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RemoteSign Relay

RemoteSign Relay is a tiny (20k) helper program that enables any Windows program that can launch an external program to trigger any script in RemoteSign Sequencer.

This provides a method for programs without native RemoteSign support to also update RemoteSign screens.

RSRelay.exe is a file that is installed along with RemoteSign. (If you have a version installed before 2020-05-09, you can use Fetcher to download it, or simply install RemoteSign again.)

How to use RSRelay

Here is an example that illustrates how it works:
  1. Define what you want to happen in a script in RemoteSign Sequencer.
  2. Find where you define the launching of an external program in your layout software. 
  3. Specify that it should launch RSRelay.exe with the name of your script from step 1 above as the parameter. For example:
    c:\RemoteSign\RSRelay Track3
  4. Ensure that RemoteSign Sequencer is running and has the file that contains your scripts open.

When your software launches RSRelay, it will connect to RemoteSign Sequencer and pass the script name "Track3" to it, then terminate. RemoteSign Sequencer will then look for a script by that name and run it if present. That script can be long, include delays, and talk to multiple RemoteSigns of all types.

RSRelay has no user interface and returns an exit code indicating success (in transferring it to Sequencer) or an error code.

Here is an overview of possible information flow from some layout software to the RemoteSigns.

You can also create Windows desktop shortcuts to RSRelay.exe with the script names you want to trigger like this:

Return codes

RSRelay will always produce a return code to indicate how things went. These return codes can be ignored or they can be used to report a problem to the user if the software can handle return codes.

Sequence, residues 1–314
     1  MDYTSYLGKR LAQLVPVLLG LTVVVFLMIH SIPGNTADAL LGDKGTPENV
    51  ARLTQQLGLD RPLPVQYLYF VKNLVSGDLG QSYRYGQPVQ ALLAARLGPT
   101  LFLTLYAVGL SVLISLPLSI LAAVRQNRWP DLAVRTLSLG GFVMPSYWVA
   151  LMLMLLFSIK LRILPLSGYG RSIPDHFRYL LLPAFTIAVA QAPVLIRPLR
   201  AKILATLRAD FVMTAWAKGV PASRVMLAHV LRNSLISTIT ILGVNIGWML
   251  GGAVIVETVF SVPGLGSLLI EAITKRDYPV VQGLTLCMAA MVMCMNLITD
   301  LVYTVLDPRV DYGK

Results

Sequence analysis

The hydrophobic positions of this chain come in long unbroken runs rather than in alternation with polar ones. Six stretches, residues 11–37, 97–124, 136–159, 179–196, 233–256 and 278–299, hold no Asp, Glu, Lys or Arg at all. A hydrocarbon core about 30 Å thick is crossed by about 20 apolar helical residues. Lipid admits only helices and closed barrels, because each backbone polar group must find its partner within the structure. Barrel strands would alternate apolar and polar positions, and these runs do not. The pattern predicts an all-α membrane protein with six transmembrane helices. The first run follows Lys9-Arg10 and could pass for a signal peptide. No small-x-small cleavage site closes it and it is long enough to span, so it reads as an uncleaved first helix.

Here are the return codes:

  • 0 = Success. The parameter was successfully passed to RemoteSign Sequencer. If RemoteSign Sequencer had a problem (for example: no such script) that will be reported in the log screen of RemoteSign Sequencer.
  • 1001= Timeout. The operation was not able to complete within 5 seconds.
  • 1002 = No parameter was supplied.
  • 1003 = Already running. Another copy of RSRelay was already running and did not complete within 5 seconds.
  • 10061 = Connection to RemoteSign Sequencer was rejected. - RemoteSign Sequencer must be running (on the same machine). 
  • Other - all other codes match error codes returned by Visual Basic 6 or the Microsoft Winsock control.
A quick way to see the return code is to create a batch file as follows:

@echo off
RSRelay %1
echo RSRelay returned: %ERRORLEVEL%


The advantages of this approach are:
  1. Any Windows software that can shell or launch an external program can trigger scripts.
  2. Only the name of the script needs to be passed to the relay. This means that all the other information such as which RemoteSign(s) need to be updated, the content, and when, etc. can all be predefined.
  3. The connection to the RemoteSigns stays open. This is important for the tiny RemoteSign ESP devices which clear their screen when connecting and disconnecting.
  4. The RSRelay is very small, and quick to load

Native support

Of course direct native support for RemoteSign is preferable as it would be much simpler for people to use. Users of train control software are encouraged to request their software vendors to add native support for RemoteSign. You can point them to Suggestions for implementing support  for more information.

Calling RSRelay from layout control software

  • Rocrail  (English) (Instructions created, with thanks, by Dirk Verbrandt)
  • Rocrail  (Dutch) (Instructions created, with thanks, by Dirk Verbrandt)

(Feel free to send me details of how to call out from other systems)